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Old 12-10-2012, 04:53 PM   #126 (permalink)
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I think you're confusing the art world with something that is very objective. While it might be easy to spot a Van Gogh over my doodlings the same is not true when you move forward in time. As such, I sort of sympathize with the artists -- especially considering that the internet has given us instant exposure to every artist making them a small fish in an ocean instead of locally a relatively good artist. I think I read in some thread on here about the level of detail going into "chibi" artwork in a sketch card and how most people wouldn't be able to spot it? That's what I'm getting at ... I think Warhol's artwork terrible art hackery and yet the art world called him a revolutionary. Oh well, to each their own. I'd say "Why am I looking at soup cans?" to my friends but I'd politely compliment the artist if he were alive and standing in front me. But saying stuff on the internet puts it out in front of everyone.

You're free to say what you want (this is 'Merica) but I personally don't feel comfortable criticizing work in front of the person that made it and if I do, I make sure it's positive criticism. At the very least I'd say what I like about it first and then mention what I'm really thinking. I write code for a living and I take the same approach during code reviews.

When it's something I do on the side like playing bass guitar, you're free to let me have it. But when the bread and butter and that which I've spent most of my life doing is compared to the greatest out there? And when some random person is telling me it's bad? That's when I think you might get a taste for zero tolerance on the artist's side of this business.

Just a thought, I am not an artist but I appreciate how few revenue streams that profession offers and so I sympathize with them. Personally I'll leave the criticism to those who know how to offer them something useful ... there's no way I'm going to be able to see that, say, the shadows need work even though I might be able to say something's off and my eye doesn't like it.

If you're a paying customer that didn't like the art, there is no feedback better than not purchasing/collecting anymore of their stuff. If you can't specifically tell them what they could improve on to have you buying it left and right, there's really not a great reason to negatively engage. If you're not a paying customer and your 'comments' are largely negative, I think anyone would react negatively in that situation.

That's my own personal thoughts on it anyway.
Great post I feel the same way!
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Old 12-10-2012, 04:54 PM   #127 (permalink)
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Well what's that old saying about those who can, do and those who can't, criticize or some such thing.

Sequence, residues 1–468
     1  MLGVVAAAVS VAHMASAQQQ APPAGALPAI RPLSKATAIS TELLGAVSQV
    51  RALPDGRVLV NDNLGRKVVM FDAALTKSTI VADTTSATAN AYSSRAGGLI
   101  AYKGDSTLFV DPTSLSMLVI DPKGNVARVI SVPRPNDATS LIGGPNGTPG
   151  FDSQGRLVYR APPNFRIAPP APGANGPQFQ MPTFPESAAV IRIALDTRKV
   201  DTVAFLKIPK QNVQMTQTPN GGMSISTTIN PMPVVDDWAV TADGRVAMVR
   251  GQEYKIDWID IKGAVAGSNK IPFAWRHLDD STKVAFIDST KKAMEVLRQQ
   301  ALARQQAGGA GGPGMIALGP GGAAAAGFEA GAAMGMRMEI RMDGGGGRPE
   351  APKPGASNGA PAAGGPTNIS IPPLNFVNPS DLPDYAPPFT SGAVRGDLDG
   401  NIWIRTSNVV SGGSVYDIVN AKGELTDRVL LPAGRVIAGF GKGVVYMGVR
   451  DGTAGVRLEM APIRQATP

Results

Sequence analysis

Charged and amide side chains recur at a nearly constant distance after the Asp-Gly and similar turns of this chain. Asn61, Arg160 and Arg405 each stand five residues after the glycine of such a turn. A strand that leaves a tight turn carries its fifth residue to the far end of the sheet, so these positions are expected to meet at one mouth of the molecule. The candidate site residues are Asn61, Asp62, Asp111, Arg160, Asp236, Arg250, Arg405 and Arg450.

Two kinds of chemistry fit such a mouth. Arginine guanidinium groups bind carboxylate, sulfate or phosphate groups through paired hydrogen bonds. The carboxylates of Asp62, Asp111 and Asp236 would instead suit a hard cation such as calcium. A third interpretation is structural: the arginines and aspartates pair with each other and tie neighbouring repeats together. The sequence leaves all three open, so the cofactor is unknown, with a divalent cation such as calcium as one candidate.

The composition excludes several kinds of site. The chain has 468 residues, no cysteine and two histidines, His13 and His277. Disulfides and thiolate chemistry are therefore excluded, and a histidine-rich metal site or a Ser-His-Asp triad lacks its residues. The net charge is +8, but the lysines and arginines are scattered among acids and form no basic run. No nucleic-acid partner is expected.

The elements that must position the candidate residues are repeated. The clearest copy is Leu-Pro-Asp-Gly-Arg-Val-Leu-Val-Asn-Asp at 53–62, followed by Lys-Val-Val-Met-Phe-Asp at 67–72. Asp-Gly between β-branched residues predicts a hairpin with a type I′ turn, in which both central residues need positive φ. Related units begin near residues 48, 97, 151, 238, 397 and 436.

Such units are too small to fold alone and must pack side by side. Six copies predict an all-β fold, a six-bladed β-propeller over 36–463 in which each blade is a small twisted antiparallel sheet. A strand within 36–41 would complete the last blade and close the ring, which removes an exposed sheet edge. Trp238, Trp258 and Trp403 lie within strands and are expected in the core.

Don't turn this discussion into a stupid childish back and forth argument.
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Old 12-10-2012, 04:55 PM   #128 (permalink)
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Nice Henri Matisse.

You'd think an art teacher would have figured that one out.
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Old 12-10-2012, 04:55 PM   #129 (permalink)
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Originally Posted by eldavojohn View Post
I think you're confusing the art world with something that is very objective. While it might be easy to spot a Van Gogh over my doodlings the same is not true when you move forward in time.
There is one simple objective criteria in this particular genre: Sales prices.

Usually, the top talent sells for more. The collectors have been very good at identifying the skilled line and raising the prices by fighting each other for the chance to own it.

Warhol and modern art don't really come into play, since 99.9% of the sketch cards are actual drawings and paintings - not prints or stencils.

Your opinion was very well reasoned and written even if I disagree slightly. You make lots of good points. Thanks!
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Old 12-10-2012, 05:03 PM   #130 (permalink)
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Well what's that old saying about those who can, do and those who can't, criticize or some such thing.
I do. And I teach. Some people can do both. This is one of my paintings, not really a style that would work for sketch cards...

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Old 12-10-2012, 05:09 PM   #131 (permalink)
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There is one simple objective criteria in this particular genre: Sales prices.

Usually, the top talent sells for more.
But your second comment makes it subjective. What is top talent? I consider Robert Teranishi's sketch cards to be some of the best in the industry, yet they sadly don't command as much as they should on the secondary market.
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Old 12-10-2012, 05:14 PM   #132 (permalink)